Once, I had a 5 9’s product and we were “forced” to go open. Force being management bending to the insane wishes of misguided customers. Customers being the Fortune 500, our bread and butter, but especially the Fortune 100, our cake. We choose not to message them to the truth. It’s hard to convince the Fortune 100 IT departments who were trying to make their bones too. “Look, we made them go open and now we can develop to it.” NOT. Our proprietary method was better, cheaper, and there was nothing to develop to, a closed system by definition. But the dream was AI-like and everything working together like family. But NOOOO. So we put it on Windows anyways and immediately lost our 5 9’s and now had another customer complaint to face. Spent inordinate development to compensate for Window’s low reliability. We needed speech coders so we dropped the labs perfect version for an open one with less quality. Again, no gain, more pain. I will tell you, just saying “well, it’s open and therefore windows, or open-sourced coder you can develop to, really did not cut it since no one would be developing to it for a decade. Another time, I took a small team and created a small business totally propriety system and created one of the few best-of-class cost profiles for a Lucent product — which, for Lucent, at the time, was unheard of. One of my greatest product teams where I did it by consensus, from soup to nuts, for sure, and got nothing but sales for the accomplishment. Thank God the sales were great because with good sales comes freedom. Like don’t bother me, I’m ahead of plan…. For example that AURA package I mentioned rides on top of defender, integrates to voice mail, pretty seamlessly while adding functionality on top. So now ai have AI call screening and it’s a pretty good first attempt. We could never do that back then, but same standards I gather. I mean, I could do it, but it was a lot of manual effort.

            FYI: I think ten years later when the technology advanced, it made sense. But not then.

            How I came to consensus: really a combination of mentors and experience. Remember, part of my job is to persuade people who do not report to me to exceed all expectations, even theirs. It took me a moment to discover they do that best when they want to, not just being told to by someone with no control over their work lives. And to fire someone, I had to go to their boss’ boss and make a case — long, dragged out affair two levels above in rank that probably would not end well for anyone. I was fortunate in having some great mentors and a rabbi. They guided me as a kindness. In experiential learning, I began as Atilla believing I was the leader and therefore everyone must listen. First lesson was how to move people instead of trying to fire. I got amazingly good at firing people into better positions, but not in my way anymore. Cool alternative.

            Then we went to “bonding camp” to become better team members. It was in Texas, remote, and I saw an armadillo. Best part of the trip. Doug the design engineer busted his face falling in the dark the first day; I am a country boy, it looked light to me. We hung from trees, did trust falls, and emoted. God I hate expressing feelings in public. Oye. But I liked to rock climb, no issues with repelling, so it was easy. It ends with the samurai game where you compete to the death, figuratively, one on one, in silly matches. I went out in the first round. Seemed funny to me that we bond all week and then attack each other one-on-one, but hey, I just wanted to get back to my family.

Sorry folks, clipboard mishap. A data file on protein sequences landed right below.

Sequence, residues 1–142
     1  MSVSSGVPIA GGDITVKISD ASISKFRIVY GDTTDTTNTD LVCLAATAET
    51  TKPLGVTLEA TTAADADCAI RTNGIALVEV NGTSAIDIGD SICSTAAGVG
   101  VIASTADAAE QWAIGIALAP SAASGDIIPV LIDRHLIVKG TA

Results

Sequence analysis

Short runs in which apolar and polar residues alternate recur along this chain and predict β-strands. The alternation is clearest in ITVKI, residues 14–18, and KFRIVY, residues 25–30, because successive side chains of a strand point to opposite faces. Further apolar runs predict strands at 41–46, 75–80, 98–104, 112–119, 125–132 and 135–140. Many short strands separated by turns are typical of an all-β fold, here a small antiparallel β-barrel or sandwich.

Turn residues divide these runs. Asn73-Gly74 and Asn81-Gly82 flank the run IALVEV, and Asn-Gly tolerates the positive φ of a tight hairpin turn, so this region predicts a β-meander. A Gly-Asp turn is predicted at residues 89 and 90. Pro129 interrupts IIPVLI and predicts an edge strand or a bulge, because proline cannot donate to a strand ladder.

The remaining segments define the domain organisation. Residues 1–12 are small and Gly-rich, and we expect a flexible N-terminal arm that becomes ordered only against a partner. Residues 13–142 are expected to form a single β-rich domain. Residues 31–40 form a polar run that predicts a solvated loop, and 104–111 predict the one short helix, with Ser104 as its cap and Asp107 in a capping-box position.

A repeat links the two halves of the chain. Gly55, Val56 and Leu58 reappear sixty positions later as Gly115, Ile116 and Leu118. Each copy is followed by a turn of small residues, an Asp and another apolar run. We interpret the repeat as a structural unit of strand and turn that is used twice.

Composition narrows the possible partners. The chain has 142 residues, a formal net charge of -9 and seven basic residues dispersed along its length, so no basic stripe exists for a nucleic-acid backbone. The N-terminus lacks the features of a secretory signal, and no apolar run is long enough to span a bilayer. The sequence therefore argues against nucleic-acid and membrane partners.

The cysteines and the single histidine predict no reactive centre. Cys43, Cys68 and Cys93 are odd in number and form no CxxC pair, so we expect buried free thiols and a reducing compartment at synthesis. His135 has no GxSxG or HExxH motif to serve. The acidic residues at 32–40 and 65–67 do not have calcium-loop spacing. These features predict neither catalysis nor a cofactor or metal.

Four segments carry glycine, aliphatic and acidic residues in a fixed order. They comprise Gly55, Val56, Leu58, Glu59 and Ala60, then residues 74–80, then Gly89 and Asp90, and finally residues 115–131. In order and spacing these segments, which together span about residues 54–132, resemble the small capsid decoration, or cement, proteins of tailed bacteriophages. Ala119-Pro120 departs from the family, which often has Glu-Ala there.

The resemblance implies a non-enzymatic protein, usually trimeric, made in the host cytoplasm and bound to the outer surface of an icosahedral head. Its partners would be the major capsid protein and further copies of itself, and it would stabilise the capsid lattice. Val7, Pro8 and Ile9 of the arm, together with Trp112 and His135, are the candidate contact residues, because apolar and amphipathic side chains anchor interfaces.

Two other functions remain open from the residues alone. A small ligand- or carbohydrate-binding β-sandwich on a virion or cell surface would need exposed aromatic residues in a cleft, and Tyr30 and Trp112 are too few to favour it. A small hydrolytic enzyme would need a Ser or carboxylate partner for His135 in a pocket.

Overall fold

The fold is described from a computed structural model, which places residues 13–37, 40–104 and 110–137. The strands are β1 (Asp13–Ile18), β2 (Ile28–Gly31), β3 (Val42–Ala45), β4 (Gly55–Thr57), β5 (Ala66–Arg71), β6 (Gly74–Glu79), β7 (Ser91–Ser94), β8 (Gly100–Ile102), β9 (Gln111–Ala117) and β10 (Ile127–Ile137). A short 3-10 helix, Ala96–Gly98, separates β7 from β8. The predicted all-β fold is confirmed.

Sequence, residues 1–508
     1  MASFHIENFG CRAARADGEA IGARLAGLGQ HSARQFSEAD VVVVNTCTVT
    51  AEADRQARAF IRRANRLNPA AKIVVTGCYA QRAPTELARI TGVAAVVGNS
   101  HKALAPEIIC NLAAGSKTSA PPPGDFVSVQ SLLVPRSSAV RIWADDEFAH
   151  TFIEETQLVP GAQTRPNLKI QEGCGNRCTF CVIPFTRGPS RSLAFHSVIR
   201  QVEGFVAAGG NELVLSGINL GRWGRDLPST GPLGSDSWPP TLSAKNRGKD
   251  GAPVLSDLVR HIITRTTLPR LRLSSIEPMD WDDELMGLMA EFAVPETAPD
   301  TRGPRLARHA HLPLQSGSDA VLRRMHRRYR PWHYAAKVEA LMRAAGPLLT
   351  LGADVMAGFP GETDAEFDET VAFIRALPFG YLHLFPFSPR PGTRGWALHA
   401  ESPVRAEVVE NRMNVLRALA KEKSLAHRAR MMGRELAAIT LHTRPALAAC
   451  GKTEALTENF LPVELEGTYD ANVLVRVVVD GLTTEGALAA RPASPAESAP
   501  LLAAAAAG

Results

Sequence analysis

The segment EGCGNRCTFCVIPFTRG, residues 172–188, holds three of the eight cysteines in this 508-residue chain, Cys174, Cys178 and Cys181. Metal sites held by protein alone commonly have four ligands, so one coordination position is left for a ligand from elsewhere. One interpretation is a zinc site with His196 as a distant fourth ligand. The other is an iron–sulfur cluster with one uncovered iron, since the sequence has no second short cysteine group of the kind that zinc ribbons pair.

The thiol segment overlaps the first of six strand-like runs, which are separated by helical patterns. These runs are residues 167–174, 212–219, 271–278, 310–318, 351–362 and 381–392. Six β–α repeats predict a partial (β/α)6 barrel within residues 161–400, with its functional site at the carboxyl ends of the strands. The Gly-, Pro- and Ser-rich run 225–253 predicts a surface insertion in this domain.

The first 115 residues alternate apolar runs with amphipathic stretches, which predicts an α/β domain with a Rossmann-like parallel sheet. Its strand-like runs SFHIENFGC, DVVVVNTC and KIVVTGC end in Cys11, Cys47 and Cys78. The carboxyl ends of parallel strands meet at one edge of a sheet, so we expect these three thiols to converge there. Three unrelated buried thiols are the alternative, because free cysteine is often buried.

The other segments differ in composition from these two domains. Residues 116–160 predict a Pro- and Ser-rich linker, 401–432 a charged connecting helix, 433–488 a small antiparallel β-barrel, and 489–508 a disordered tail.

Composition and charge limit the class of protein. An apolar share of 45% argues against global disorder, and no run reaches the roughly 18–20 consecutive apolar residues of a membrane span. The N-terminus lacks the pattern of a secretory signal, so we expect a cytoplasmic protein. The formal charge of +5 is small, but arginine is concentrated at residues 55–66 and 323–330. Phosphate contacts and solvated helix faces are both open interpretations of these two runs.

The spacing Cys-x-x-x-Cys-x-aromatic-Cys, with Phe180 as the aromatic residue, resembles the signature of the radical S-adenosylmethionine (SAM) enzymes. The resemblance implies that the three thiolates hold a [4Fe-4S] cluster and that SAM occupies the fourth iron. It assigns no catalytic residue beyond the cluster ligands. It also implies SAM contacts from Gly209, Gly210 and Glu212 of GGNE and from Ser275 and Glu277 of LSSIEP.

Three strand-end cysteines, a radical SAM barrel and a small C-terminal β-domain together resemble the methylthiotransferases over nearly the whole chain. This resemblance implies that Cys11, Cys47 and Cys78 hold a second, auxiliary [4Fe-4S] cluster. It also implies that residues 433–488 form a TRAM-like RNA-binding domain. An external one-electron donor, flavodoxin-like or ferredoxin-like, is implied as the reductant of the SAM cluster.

Because I was “special” and the first round was a try-out for only the special, I was forced to go again. This time, condos at the beach near Charleston. My new young starfucker VP was chest pumping his grand teaming million dollar expense mission so we had a gaggle of VPs and Directors, most of which had been before and flew in just for the ninja game. This time was different. I really didn’t care. We were eating no-sugar, no-salt, health crap (which is mostly what I eat postretirement), and the first day I said, loudly apparently, where the f is the ketchup as the entire table looked in horror shushing me, afraid, as a coach from the next table said: no kidding and went to the kitchen to make some. After a little torture, I finally shared with my table and then went home to watch wings of war and the holocaust with my roomies yelling at my apparent inappropriate behavior of watching the ultimate nonbonding experience.

            The next day we did that one where you are high up in the trees walking down one rope leaning into your partner on the other rope — the two ropes tied to one tree, but the other ends on trees ten feet apart forming two sides of a triangle. No way you can finish, so it’s how far can you get before you both fall to the middle. Everyone tried to team with an athletic giant and I notice an actual team member, a dumpy woman playing wallflower and said to myself WTF. It changed my life to change her life in that simple act of treating her as equal to a giant. She was a teammate now that would give 150% because she wanted to. It was the look on her face, of joy and relief, that changed me. Because dumpy, wallflower, was the same as me, we had different yet the same level of fears of failure. That changed my whole outlook to trying to see how you could help people exceed their own goals and expectations rather than closing the down by saying “I’m the leader, here’s what I say.”